The University City Science Center's monolithic office buildings will be joined to a new zone featuring pedestrian-friendly shopping streets, apartment towers, and a sprawling public plaza as part of the West Philadelphia business incubation and research complex's plan to more than double in size.
Wexford Science and Technology, which is developing the new site, said Thursday that its goal in the $1 billion project is to break up the long, unbroken blocks of offices and institutional structures where the expansion will occur while mixing in other uses.
Wexford and the Science Center are trying out the new approach to attract high-prestige technology and biomedical companies to the campus as tenants, where they would complement the surrounding universities and research institutions.
Such big companies are demanding lively settings that combine housing, jobs, shopping and entertainment because that's where the most sought-after workers increasingly want to live, said Joseph Reagan, a vice president at Wexford, which specializes in office and lab projects near urban campuses.
"The opportunity is to create more of a mixed-use environment," Reagan said. "We're really trying to break down the scale."
Much of the expansion will occur within a 10-acre parcel, part of the former University City High School site to the north of the existing Science Center campus.
Other work will take place on the last three open parcels of the Science Center campus, near the intersection of Market Street with 34th and 38th Streets.
The campus, established in 1963, extends about five blocks along Market Street between 34th and 39th.
The expansion will increase the Science Center's office and lab space from 2.5 million square feet to as much as 4 million square feet, spokeswoman Jeanne Mell said.
As part of the first phase of redevelopment, to begin in the fall, Wexford plans to break up the high school site with a new traffic grid, including a resurrected stretch of 37th Street that will reach Market Street, Reagan said. It now ends about two blocks to the north.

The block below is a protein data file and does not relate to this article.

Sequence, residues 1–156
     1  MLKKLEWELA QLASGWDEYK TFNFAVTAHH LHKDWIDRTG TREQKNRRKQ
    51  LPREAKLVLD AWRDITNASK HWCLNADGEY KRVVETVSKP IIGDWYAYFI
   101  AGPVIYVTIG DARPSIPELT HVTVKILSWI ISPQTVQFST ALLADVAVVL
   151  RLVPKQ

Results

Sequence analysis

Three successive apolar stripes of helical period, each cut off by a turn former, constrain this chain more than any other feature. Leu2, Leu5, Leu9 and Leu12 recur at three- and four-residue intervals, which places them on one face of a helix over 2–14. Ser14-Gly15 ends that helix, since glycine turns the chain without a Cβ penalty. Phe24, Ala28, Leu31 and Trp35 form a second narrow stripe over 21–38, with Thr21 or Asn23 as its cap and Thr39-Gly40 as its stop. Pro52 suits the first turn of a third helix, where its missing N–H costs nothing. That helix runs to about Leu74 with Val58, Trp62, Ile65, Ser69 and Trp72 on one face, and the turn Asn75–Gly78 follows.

The 37th Street extension will require the demolition and rebuilding of a campus structure on Market in the new street's path.
The rebuilt office tower at 3675 Market St. will be designed by ZGF Architects, which previously completed two other Science Center buildings with Wexford, Reagan said.
Wexford hopes also to begin work before the end of the year on a low-rise tower with 300 residential units near the north side of the former high school site, where it abuts the adjacent neighborhood.
Five more high-rises will be built in the coming years, with at least one of them dedicated to more housing. Others will be used for the labs and offices designed for medical and technology firms.
Companies such as Eli Lilly and NRG Energy already have subsidiaries at the Science Center.
Chemicals giant FMC Corp. plans to move into a 49-story headquarters building being built nearby, but off the center's campus.
At the heart of the expanded portion of the campus, Wexford plans a public plaza to be surrounded by restaurants and shops, including a supermarket that will also serve the surrounding community.
"It could become ideally the iconic heart of the expanded Science Center and University City as a whole," Reagan said.